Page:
(Bloomberg) — Oil closed little changed with a stronger U.S. dollar and broader market selloff sapping momentum from a recent rally.
Futures in New York ended the session up 1 cent at the highest since February on Monday following a surge above $50 a barrel last week. Yet, crude did not manage to eke out a larger advance with U.S. equities dropping from records and dollar gains reducing the appeal of commodities like oil that are priced in the currency.
With crude starting the year strongly, Goldman Sachs Group Inc. said it expects Brent to reach $65 a barrel by the summer, sooner than previously anticipated. Last week, Saudi Arabia pledged deeper output cuts, a move that Goldman said will bring forward market tightness. The kingdom also increased its oil prices to Asia, and was followed by Iraq, Abu Dhabi and Kuwait.
“The Saudi production cut was both good for market fundamentals and psychology, giving people a sense that the Saudis have the market’s back,” said Michael Lynch, president of Strategic Energy & Economic Research. But the dollar’s strength has investors “a little bearish.”
Oil’s recent break above key psychological levels has sparked questions about whether such a rally can be sustained at a time when governments around the world are enacting stricter lockdown measures. While Saudi Arabia’s pledged cut provides support, prices likely won’t rise much further in the short-term and “the risk of a downward correction is substantial,” according to ABN Amro Bank NV.
Meanwhile, technical indicators show both West Texas Intermediate and Brent crude trading in overbought territory, signaling prices are due for a correction.
“Right now you’ve pretty much seen an exhaustive rally,” said Edward Moya, senior market analyst at Oanda Corp. “The short-term headwinds of Covid are too great to see prices continuing to rise.”
- West Texas Intermediate crude for February delivery rose 1 cent to settle at $52.25 a barrel
- Brent for March settlement lost 33 cents to end the session at $55.66 a barrel
Following the recent price surge, a “big chunk” of U.S. shale production has become profitable and many producers will be able to increase production this year and next, International Energy Agency Executive Director Fatih Birol said in a Bloomberg Television interview on Monday. Separately, the IEA announced several special projects for 2021, including a report on the roadmap to net-zero emissions by 2050.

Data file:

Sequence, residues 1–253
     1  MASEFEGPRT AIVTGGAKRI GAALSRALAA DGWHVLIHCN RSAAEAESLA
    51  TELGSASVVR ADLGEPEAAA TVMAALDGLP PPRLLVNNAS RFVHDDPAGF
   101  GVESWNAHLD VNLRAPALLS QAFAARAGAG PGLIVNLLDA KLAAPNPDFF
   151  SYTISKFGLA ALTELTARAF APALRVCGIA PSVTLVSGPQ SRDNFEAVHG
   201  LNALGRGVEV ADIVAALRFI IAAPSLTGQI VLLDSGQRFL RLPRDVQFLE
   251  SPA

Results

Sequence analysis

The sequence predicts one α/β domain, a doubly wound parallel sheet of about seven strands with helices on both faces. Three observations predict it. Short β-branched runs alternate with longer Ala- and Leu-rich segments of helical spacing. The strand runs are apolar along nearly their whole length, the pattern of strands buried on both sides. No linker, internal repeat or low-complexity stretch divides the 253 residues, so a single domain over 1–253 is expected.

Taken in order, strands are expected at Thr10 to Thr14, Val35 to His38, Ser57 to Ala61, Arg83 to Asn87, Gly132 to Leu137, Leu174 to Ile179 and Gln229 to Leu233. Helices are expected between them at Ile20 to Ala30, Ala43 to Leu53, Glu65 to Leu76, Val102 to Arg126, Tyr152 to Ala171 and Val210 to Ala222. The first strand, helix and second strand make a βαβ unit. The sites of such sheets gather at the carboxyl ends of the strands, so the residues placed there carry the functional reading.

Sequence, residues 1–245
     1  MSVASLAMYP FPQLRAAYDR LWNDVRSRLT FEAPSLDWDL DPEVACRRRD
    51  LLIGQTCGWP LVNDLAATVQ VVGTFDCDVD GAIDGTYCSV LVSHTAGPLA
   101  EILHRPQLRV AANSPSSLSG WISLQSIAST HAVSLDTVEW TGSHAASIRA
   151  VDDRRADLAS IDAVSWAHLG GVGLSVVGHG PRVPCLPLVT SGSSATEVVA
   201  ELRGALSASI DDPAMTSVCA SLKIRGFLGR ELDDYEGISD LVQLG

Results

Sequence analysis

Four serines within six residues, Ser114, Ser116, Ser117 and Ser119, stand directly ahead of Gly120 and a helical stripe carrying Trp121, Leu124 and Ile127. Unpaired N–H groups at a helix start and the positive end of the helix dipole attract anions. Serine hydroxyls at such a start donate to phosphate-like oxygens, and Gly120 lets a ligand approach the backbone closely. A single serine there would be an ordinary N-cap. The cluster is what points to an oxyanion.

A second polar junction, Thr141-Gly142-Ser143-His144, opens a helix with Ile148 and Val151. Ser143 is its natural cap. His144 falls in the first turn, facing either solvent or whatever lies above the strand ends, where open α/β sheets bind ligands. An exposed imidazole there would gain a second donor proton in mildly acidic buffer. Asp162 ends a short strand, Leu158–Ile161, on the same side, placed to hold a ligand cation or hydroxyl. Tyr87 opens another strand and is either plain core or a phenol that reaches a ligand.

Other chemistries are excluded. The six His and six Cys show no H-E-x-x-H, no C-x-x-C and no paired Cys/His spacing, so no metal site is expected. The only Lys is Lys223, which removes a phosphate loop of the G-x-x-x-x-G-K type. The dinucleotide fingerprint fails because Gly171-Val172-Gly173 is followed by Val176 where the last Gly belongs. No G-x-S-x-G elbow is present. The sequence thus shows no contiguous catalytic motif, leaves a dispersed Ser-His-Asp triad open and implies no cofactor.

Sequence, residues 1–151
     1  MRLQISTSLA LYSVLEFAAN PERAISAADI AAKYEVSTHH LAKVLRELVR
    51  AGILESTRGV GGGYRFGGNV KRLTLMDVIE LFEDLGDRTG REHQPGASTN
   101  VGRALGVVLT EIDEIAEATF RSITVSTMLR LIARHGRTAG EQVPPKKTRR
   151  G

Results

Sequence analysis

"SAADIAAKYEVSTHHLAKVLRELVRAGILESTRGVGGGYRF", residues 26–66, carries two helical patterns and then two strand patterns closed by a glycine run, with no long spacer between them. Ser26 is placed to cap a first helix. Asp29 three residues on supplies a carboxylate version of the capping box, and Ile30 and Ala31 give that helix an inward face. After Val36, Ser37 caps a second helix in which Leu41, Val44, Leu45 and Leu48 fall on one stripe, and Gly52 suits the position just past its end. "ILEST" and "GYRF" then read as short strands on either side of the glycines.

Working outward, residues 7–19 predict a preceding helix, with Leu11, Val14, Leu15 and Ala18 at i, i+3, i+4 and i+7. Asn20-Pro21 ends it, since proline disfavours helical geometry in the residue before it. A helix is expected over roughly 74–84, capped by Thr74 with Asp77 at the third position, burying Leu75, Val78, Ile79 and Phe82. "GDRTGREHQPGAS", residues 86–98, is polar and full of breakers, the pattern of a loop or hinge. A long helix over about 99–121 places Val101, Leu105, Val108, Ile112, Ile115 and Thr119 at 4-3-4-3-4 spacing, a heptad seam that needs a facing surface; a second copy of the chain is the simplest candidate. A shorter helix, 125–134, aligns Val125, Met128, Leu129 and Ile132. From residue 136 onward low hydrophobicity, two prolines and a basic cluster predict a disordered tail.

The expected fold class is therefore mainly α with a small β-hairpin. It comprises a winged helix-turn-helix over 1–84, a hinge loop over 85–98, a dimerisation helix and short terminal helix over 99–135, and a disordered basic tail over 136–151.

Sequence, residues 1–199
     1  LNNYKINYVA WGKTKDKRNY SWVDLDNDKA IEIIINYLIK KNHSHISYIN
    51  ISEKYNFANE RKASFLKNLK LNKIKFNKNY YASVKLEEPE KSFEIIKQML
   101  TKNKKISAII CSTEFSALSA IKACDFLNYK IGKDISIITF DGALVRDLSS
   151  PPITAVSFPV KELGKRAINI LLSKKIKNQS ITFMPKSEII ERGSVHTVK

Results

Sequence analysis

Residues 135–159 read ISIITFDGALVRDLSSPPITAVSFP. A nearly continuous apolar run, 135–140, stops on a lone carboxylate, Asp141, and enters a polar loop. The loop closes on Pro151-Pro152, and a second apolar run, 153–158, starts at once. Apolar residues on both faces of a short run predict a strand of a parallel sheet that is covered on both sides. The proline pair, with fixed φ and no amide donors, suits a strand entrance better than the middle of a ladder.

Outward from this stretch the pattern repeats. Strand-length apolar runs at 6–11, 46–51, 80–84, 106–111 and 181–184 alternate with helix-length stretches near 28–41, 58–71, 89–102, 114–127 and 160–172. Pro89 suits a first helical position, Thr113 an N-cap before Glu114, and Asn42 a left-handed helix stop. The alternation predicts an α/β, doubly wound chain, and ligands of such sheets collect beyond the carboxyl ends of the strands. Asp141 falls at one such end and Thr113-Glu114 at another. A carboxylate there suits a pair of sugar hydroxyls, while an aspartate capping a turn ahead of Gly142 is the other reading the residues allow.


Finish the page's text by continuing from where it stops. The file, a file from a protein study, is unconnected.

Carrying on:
Still, others in the market are skeptical of how much shale producers will be able to ramp up output in the wake of industry consolidation and pressure from investors to cut spending.
“There’s a lot more focus on balance sheet repair than there was coming out of the last cycle,” said Peter McNally, global head for industrials, materials and energy at Third Bridge. “We’re not expecting a quick turnaround the way we saw four or five years ago after the price collapse.”
With crude markets starting the year on the front foot, there’s also been an uptick in trading activity. Combined holdings of Brent and WTI futures are at the highest since June, a sign that traders are adding new money to the market.
Other oil-market news:
- Russia raised its crude and condensate production in early January after OPEC+ agreed to a gradual ramp-up.
- Carlos Slim and his family have accumulated stakes worth $230 million in oil refiner PBF Energy Inc. and pipeline operator PBF Logistics LP, continuing to snap up stock even as the shares have slumped.
- Saudi Crown Prince Mohammed bin Salman unveiled his latest vision for the country’s future beyond oil: a city with no cars, roads or carbon emissions.
–With assistance from Alex Longley.
© 2021 Bloomberg L.P.